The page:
Have I got a treat
for you this month! The idea for this month's topic comes
from Bruce De Chastel, up dere in de Sunshine State. If you
don't know Bruce, not only is he a very talented pylon flier,
but he's a very sharp cookie indeed. The only problem is that
he makes props in competition with me, so we don't often get
to swap ideas. On this occasion I was complaining about the
problem of converting a favourite propeller to CNC coordinates
on the milling machine.
You all know how I feel about prop airfoils, from my previous
efforts in ACLN. Often the only way to improve a prop is to
make sure the airfoils are the right shape, whatever that
is. If you want to compare props, you need to know the camber
and camber high point to determine the zero-lift angle and
hence the experimental pitch. Now these two variables are
hard to pin down with any accuracy: they are just plain hard
to measure. Well Bruce had the answer to this, and in an unguarded
moment shared it with me, so old big-mouth me is now going
to tell you.
This is what you do. Borrow a prop. Cut a slice
out of the prop; say a mm wide. A good place to start is at
the 3/4 radius point on the blade, as this is representative
of the way the whole prop behaves. Drop it on the platen of
your computer scanner (mine is an Optic Pro 9630P) and scan
it at a resolution of say 300 dpi. The result is stunning.
That tiny airfoil can be blown up to 6" wide, where all its
imperfections and graces can be examined.
Even more stunning, my "MicrografX Photo Magic"
software lets you put a ruler over the image. In fact, You
can put an arrow on the edge of the profile and the screen
shows the co-ordinates of the section at that point accurate
to 50 microns! You can even select "View/Info" and the co-ordinates
are displayed neatly to the side of the screen. With these
data, you can get the high point and camber very readily,
with all the accuracy you ever dreamt about.
Well, I couldn't wait. 6 destroyed props later,
I had six little airfoils sitting on my scanner platen, with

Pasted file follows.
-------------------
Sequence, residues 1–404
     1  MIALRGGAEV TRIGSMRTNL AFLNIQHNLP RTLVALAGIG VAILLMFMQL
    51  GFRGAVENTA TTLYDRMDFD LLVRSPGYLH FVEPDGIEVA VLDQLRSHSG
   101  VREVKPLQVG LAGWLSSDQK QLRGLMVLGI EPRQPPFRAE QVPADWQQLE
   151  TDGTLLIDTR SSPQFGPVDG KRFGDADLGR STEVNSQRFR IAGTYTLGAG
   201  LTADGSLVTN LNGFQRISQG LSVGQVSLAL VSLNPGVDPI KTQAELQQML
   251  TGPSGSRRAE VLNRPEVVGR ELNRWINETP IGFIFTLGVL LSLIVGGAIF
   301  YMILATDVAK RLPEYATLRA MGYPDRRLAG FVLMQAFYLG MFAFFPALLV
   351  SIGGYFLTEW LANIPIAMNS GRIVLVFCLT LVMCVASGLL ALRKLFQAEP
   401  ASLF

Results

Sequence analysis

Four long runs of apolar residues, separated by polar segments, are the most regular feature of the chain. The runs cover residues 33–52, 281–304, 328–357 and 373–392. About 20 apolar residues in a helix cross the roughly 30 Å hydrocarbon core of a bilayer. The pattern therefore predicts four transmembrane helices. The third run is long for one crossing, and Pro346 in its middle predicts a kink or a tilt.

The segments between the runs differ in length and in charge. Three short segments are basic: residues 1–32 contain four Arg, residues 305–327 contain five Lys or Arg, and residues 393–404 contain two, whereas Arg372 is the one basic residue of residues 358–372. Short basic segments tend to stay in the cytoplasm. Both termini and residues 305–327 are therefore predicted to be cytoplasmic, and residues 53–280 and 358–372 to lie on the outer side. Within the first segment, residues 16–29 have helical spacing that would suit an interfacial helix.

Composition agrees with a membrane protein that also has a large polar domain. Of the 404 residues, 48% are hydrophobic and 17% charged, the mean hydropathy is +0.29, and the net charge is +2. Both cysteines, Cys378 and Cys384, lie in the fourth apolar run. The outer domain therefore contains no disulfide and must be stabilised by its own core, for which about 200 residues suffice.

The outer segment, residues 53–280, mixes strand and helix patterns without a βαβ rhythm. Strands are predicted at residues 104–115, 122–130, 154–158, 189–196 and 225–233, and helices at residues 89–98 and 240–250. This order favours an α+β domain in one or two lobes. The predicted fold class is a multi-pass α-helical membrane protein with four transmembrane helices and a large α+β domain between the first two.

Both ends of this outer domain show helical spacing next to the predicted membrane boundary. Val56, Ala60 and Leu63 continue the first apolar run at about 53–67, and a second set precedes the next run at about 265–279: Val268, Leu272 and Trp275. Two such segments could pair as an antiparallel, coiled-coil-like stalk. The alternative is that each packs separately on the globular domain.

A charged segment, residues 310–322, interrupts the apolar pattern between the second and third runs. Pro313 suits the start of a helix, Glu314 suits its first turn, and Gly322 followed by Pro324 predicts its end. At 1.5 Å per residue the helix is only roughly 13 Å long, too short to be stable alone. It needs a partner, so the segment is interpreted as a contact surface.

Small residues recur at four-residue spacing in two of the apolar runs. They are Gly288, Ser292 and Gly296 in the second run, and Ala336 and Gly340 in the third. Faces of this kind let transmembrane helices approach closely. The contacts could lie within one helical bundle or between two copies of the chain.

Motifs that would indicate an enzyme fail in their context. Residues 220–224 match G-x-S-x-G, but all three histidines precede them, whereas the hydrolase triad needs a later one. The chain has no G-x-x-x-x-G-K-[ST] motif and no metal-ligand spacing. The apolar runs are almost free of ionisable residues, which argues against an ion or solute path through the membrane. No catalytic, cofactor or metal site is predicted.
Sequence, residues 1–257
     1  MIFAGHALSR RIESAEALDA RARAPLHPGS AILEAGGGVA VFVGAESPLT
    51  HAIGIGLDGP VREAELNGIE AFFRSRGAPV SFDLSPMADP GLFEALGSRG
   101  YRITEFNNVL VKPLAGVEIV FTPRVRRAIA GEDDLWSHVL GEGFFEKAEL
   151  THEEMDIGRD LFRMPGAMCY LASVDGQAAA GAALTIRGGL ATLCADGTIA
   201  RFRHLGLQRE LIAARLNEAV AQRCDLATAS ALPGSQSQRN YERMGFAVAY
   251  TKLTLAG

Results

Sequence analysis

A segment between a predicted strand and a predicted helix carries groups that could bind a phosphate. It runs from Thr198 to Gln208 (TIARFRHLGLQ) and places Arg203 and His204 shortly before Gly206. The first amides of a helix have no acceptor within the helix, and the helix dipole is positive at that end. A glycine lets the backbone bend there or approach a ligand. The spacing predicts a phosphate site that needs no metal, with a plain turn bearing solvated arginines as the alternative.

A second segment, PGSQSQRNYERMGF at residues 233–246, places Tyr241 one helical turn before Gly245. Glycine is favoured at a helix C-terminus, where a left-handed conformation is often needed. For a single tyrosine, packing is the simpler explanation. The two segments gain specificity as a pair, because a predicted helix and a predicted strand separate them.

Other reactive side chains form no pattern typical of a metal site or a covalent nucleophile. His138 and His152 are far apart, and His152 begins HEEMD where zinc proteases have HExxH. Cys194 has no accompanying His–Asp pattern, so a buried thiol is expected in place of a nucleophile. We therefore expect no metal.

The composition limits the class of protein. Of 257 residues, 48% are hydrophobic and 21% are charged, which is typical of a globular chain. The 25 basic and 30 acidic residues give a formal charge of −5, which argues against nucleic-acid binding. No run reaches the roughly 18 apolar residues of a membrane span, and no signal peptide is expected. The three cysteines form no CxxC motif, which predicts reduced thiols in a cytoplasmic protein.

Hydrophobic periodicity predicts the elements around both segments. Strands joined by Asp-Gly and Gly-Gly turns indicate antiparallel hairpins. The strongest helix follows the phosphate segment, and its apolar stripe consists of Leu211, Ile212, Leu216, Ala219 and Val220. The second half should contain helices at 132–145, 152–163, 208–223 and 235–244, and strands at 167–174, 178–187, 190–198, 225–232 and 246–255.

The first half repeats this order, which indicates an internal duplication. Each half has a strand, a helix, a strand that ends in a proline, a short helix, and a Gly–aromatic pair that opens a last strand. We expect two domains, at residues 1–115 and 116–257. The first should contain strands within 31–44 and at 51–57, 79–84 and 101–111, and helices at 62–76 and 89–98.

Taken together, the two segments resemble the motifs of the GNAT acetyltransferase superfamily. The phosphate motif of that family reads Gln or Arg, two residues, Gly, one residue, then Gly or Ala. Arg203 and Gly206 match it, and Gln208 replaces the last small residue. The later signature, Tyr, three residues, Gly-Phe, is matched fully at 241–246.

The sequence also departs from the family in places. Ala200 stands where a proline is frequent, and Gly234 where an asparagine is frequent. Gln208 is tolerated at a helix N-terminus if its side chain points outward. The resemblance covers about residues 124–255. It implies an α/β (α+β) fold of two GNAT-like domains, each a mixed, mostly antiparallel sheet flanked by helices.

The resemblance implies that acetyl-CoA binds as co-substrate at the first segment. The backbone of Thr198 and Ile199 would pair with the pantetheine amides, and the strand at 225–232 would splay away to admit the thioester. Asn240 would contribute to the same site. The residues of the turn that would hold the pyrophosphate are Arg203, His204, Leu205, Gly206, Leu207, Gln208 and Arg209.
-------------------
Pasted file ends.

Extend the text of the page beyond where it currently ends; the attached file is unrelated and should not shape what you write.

the P100 warmed up and ready to go. The first scan was not
too good. It had big shadows on one side, and the Tornado
yellow nylon did not show up so good. The airfoils were re-arranged
so that they pointed down the platen, after they were coloured-up
with black Texta (all except the APC). This time the results,
with the contrast turned up a bit, were really pretty good.
There should be a copy of this scan somewhere near this bit
of text. Take a quick peek at it. I'll deal with the results
one at a time.
The Tornado 12X6 airfoil is really very good,
much like Clark Y. If anything, it may be a bit too thick,
but that is forgivable in a nylon prop where strength is a
Next is one of my CNC aluminium moulds, a pylon
prop for the AT-6 Texan/Harvard 1.2 cu.in. class. Prop is
carbon-fibre, you can find it on my Website at www.space.net.au/~props.
The airfoil is NACA 6311. The 6 means the camber is 6%, the
3 is the high point at 30%, and the section is 11% thick.
This is what is called a "NACA 4-digit section". The thickness
form is that of Clark-Y, although it has been thinned a little,
as Clark-Y is 11.75% thick. The thing that is interesting
about this airfoil is that the high point has been moved forward
to 30% (Clark-Y is at 40%).
The forward high point has the same effect as
leading-edge flaps, or the droop-snoot type of airfoil. This
feature allows the airfoil to generate high lift at high angles-of-attack,
very useful where good acceleration is required, such as in
F2C, F5B and F2A. The scan shows that it has been reproduced
faithfully, as you might expect from a machine accurate to
The APC prop is next. It appears to have a circular
camber line, which puts the high point quite a long way back.
It reminds me of Go795, an excellent low drag airfoil, but
not so good lift-wise. It is not really the section you would
choose for a propeller, but its accurate profile is going
to guarantee better performance than most hand-shaped airfoils.
Last month I mentioned some props had the airfoil
on backwards. That is the case with the Master Airscrew 9X6
wood, although I am not sure I would really call this an airfoil.
It felt bad slicing up this prop, as it was a beautiful piece
of timber, well lacquered and most attractive. But it didn't
feel so bad after I saw the section, glad I never put it on
The Strato 9X8 dates back to the 1950's, an
Australian-made prop of good quality, very popular at the
time. Paul Turner used Strato 10X5's on his OS Max 3 powered
Thunderbirds, so I did likewise. Problem was my Max 3's never
ran as well as Paul's, to this day I wonder what his secret
was. The trailing edge is a bit thick, as you will find this
with nearly all wood props, including the full-size variety.
It is simply a strength matter; thin wooden trailing edges
are vulnerable to handling and usage damage. Otherwise, this
is a good section, Clark-Y with a bit of extra forward camber.
The improved performance of aluminium alloy
props, or in our case nylon and composite, is almost entirely
due to the thinner trailing edges and thinner sections these
materials make possible.
Contrast the Master 9X6 nylon with its wooden
counter-part. The section is well suited for props, and Master
Airscrew nylon props deservedly have a very good reputation,
despite their homely appearance.
Well there you have it. Is that a neat trick
or is it not? To a single-minded fellow like myself, it is
very exciting indeed. Time to sign off. To you chaps who have
recently been kind enough to comment favourably on my series
of articles in ACLN, I thank you. The rest of you can go .....
oops, not that, Rosemary has told me I must change my image!